Lenny Bernstein and Benny Goodman, 1940-1949. William P. Gottlieb - Music Division, The New York Public Library.

100 years with Leonard Bernstein (I): The magnetism of the maestro

On August 25th, 1918, Leonard Bernstein was born. One hundred years later, we celebrate his most popular compositions and his unquestionable greatness as conductor of the symphonic repertoire, along a triptych that collects documents of great value: videos, audios and fragments of his lessons. We remember his controversial and yet deeply human nature, his commitment as a pedagogue, as well as the imprint he left on the listeners. Also, in Barcelona, thanks to his concert with the Vienna Philharmonic at the Palau de la Música Catalana, on October 31st, 1984.

Agustí Fancelli wrote in his review for El País “Leonard Bernstein or heterodoxy: he dances on the stage, shrugs, grabs the baton with both hands as if it were a baseball bat, then turns it into a delicate violin bow or a severe cello bow, smiles, grimaces, stomps around. The instrumentalists follow him, magnetized, they respond at each gesture with the expected sensitiveness, like lovers holding hands in the dark “. We do not know record of the event, but the Schumann’s First Symphony, “Spring” probably sounded similar to the fantastic version conducting the same orchestra, only a few months before, at the Musikverein in Vienna:


Bernstein’s passion, that magnetism -which animates the musicians of the orchestra, moved by the same current- is one of the features inherent to his artistic personality. It is evident both at the end of his career, in the eighties, as in the beginning. One of the first musical merits that was attributed to him was to get the eminent New York Philharmonic Orchestra, during its low hours during the fifties, to take off again, prioritizing the spectacular dimension of the more complex symphonic compositions, from Beethoven to Mahler, without overlooking Schumann and Brahms. But even more extraordinary –i. e., out of the ordinary- was his pedagogical work, deployed simultaneously and complementary to his activity as an orchestra director and composer.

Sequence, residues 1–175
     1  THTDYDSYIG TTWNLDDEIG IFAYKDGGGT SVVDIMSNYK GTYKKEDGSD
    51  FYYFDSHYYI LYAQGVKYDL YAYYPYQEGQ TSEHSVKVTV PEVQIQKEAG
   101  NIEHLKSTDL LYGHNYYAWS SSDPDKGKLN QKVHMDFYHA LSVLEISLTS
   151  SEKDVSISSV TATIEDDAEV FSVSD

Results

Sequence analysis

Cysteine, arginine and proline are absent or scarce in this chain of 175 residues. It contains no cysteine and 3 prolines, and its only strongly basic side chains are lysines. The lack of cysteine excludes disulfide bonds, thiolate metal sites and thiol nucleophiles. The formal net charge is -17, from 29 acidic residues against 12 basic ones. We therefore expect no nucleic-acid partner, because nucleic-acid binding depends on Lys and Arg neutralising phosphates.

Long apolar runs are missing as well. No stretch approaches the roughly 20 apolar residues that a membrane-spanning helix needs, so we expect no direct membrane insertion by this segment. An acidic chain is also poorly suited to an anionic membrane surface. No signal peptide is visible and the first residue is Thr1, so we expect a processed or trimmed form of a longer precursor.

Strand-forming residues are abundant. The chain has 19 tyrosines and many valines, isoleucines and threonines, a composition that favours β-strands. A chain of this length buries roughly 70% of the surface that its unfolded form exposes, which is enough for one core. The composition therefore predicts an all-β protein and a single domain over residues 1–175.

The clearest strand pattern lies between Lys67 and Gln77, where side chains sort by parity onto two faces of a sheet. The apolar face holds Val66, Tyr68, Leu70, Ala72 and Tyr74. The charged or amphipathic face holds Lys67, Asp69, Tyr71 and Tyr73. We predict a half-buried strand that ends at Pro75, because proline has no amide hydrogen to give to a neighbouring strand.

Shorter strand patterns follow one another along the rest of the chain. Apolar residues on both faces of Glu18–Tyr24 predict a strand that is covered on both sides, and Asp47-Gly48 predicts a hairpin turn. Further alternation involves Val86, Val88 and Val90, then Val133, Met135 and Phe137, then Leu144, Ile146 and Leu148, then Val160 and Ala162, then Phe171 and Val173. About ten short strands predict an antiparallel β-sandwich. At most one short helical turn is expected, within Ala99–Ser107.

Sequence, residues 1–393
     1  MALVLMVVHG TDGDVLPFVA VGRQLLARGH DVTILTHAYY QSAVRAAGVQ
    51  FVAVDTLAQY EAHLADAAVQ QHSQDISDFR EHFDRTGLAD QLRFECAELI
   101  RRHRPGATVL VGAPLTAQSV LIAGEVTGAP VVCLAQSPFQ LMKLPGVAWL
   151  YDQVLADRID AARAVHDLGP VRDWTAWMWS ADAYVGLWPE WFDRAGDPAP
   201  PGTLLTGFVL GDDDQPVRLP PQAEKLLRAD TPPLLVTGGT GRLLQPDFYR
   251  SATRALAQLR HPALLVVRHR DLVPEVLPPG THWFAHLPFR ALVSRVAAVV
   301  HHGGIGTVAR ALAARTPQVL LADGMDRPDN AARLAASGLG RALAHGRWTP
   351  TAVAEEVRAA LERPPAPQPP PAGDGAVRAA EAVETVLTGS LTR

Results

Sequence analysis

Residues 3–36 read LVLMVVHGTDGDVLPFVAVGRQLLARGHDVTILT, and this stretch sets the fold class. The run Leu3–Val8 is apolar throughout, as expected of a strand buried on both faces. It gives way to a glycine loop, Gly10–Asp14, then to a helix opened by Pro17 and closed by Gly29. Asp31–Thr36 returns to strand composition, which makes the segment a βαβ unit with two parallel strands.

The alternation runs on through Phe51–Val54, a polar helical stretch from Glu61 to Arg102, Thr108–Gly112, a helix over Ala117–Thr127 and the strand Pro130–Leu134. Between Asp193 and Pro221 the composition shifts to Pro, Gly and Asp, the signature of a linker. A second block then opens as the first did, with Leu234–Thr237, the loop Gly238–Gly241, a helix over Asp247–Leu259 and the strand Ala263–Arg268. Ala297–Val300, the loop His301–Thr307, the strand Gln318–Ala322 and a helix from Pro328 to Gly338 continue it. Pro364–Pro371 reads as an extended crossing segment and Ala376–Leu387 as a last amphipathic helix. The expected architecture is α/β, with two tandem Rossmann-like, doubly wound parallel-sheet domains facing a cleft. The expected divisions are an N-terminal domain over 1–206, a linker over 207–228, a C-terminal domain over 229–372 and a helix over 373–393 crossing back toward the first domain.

Bernstein made numerous efforts to bring music closer to the public -not only to the one musically formed- implying thus that music always belongs to everyone. In the process, he diluted the borders of the tacit hierarchy that separated high, intellectual music, from other kind of popular or “folk” music; that is, the one made by and for “people”. His love for jazz, declared in words, is confirmed in the incorporation of themes and rhythms of traditional music into his own works. Something that some of the most avant-garde composers had already done, such as Bartók or Stravinsky.

“We do not always realize how important teachers are. Teaching is perhaps the essence of my function as conductor”

Exciting, but a little thoughtful can be his lessons at Harvard on the unutterable dimension of music, entitled The Unanswered Question, in dialogue with the flourishing linguistics of the time and Chomsky’s studies; more accessible -and no less exciting- are his appearances on TV. Even today they continue to awaken admiration due to Leonard Bernstein’s wonderful gift as communicator. Certainly, to achieve understanding musical concepts through images, metaphors or comparisons -all this translated with a sense of humour and prioritizing the human aspect of musical creation- is not an easy task. Some of its Telecasts, aimed at all kind of audiences, as well as the Young People’s Concerts (from 1958 to 1972), have been reproduced in the essential volume The Joy of Music, which starts with an affirmation absolutely eloquent, that we cannot but reproduce: